SOFT - TIAFT 1998 Poster Session 4 Friday October 9, 1998

Victor P. Uralets, Paul A. Gillette

Quest Diagnostics, Inc., 7470 Mission Valley Road, San Diego, CA 92108, USA

Recently, in November 1997, in addition to the previous appearance of 4-androsten-3,17-dione (1), as a nutritional supplement, two other anabolic steroids, 4-androsten-3,17-diol (2) and 19-nor-4-androsten-3,17-dione (3), became legally available over-the-counter in the United States. Their impact on urinary steroid profiles will be presented for males with different patterns of testosterone to epitestosterone (T/E) ratios.

Steroid 2, being a precursor of testosterone and other androgens, behaves similarly to 1, causing a brief abnormal increase (100 times) of the major urinary steroids: testosterone, epitestosterone, androsterone, etiocholanolone. Steroid 2, like 1, causes temporary increase of T/E for all but low T/E men. 2 undergoes conversion into numerous specific metabolites as well, especially into 3a- and 3b-ol-4-androsten-17-ones and 1.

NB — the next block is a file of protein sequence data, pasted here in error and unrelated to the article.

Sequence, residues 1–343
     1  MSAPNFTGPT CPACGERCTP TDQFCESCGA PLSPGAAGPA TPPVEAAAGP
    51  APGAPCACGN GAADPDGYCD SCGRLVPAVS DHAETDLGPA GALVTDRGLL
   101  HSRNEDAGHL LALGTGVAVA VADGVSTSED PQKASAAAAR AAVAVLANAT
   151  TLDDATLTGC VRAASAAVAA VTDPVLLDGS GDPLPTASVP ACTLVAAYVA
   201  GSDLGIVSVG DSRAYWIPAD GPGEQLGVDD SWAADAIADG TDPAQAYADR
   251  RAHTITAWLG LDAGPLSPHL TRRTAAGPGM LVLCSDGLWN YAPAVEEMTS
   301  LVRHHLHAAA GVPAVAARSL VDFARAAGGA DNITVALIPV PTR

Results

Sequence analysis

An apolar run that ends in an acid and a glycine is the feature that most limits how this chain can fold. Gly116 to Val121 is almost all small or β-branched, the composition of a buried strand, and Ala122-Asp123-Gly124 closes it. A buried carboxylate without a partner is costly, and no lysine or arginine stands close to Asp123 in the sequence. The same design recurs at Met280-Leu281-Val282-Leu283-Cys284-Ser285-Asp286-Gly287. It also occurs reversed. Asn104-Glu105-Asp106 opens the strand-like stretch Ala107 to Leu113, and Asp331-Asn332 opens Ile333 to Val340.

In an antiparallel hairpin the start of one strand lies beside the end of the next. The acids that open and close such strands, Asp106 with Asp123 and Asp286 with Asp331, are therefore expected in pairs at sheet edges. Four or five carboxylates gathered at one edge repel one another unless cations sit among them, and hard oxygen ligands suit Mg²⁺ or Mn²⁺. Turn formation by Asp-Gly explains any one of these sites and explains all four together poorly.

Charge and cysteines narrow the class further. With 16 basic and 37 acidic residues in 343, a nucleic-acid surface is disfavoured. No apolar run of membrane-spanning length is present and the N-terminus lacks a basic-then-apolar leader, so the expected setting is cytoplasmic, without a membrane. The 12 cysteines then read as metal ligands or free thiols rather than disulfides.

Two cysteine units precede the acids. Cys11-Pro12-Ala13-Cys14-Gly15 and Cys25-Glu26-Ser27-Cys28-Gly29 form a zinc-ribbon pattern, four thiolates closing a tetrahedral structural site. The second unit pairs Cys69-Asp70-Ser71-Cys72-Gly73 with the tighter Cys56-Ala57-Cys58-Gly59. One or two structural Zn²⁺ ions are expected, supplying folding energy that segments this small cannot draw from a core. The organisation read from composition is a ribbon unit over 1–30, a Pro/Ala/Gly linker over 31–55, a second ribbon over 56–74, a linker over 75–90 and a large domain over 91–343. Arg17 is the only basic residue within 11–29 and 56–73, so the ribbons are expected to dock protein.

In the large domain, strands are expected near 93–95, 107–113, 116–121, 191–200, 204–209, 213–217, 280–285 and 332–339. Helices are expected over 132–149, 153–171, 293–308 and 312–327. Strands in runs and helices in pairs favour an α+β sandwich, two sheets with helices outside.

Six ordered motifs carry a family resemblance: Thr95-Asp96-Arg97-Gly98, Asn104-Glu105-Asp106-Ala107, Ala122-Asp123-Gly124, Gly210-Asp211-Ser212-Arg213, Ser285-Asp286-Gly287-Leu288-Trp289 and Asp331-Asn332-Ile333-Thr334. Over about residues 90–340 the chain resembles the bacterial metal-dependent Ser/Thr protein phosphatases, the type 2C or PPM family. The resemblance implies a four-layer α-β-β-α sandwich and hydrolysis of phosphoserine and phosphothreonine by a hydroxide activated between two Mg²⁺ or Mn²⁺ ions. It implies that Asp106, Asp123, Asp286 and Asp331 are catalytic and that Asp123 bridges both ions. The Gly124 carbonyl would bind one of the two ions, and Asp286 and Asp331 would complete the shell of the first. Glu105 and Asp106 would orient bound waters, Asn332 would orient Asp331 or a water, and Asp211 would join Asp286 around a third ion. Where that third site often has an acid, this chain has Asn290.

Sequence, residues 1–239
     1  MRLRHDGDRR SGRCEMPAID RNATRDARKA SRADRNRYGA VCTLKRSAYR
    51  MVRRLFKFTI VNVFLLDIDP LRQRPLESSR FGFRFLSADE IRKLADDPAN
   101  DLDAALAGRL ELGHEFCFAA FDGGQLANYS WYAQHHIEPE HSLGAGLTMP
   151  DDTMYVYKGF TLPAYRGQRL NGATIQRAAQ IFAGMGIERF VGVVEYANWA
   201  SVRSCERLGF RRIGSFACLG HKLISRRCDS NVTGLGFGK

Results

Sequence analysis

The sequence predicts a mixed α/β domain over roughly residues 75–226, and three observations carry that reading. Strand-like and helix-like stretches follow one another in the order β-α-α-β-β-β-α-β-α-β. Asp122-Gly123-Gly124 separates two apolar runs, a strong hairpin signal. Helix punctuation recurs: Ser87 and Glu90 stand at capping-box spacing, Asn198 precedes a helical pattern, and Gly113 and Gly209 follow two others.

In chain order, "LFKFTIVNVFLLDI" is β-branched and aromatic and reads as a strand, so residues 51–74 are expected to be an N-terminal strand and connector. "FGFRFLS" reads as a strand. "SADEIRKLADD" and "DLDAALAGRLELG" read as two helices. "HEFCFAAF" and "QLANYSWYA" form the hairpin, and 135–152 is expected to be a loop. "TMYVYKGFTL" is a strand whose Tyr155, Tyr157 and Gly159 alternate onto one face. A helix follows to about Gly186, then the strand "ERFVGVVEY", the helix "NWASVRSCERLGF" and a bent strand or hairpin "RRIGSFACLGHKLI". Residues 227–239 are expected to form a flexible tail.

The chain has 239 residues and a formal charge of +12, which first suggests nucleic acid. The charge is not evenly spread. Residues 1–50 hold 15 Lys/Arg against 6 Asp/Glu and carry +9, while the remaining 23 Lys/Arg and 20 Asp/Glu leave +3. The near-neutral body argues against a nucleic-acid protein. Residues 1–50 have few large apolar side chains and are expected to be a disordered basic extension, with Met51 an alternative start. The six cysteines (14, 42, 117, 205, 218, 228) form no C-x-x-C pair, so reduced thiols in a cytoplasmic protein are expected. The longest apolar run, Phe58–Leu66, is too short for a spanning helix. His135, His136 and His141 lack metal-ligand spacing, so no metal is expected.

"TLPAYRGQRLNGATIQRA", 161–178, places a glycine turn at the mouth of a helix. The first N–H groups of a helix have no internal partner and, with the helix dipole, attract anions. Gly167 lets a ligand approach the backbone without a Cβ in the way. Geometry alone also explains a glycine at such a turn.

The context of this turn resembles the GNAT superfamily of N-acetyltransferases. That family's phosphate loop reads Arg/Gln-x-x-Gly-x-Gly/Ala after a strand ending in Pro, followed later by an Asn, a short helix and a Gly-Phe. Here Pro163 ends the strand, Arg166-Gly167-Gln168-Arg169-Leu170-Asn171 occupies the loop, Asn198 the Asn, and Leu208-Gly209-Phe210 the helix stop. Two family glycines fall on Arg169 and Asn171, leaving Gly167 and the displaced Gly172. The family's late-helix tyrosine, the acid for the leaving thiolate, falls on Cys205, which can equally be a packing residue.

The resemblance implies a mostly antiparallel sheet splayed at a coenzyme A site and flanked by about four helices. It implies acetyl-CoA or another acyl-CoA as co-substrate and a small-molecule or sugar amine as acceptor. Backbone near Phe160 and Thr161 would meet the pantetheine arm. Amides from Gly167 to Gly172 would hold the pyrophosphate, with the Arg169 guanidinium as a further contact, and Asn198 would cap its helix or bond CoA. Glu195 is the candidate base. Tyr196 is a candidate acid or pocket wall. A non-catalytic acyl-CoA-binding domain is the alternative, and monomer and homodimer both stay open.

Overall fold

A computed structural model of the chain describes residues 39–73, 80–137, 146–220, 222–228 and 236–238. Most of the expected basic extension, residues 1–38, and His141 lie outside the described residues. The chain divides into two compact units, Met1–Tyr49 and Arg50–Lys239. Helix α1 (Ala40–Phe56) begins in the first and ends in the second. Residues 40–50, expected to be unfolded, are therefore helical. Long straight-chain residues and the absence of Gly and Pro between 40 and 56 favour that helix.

Steroid 3, converting into nandrolone, appears in urine mainly as 19-norandrosterone and 19-noretiocholanolone, reaching concentrations in the first voids as high as 100,000 ng/mL. After a single oral dose of 50 mg, these remain detectable for at least 7 days and up to 10 days. 19-Nortestosterone and dehydrometabolites are well detectable during the first day of excretion. "Asian" men with low T/E metabolize 3 into the same main products as others do with one exception: 19-norepitestosterone appears in urine as a main intermediate metabolite, whereas for Caucasians 19-nortestosterone is a major.

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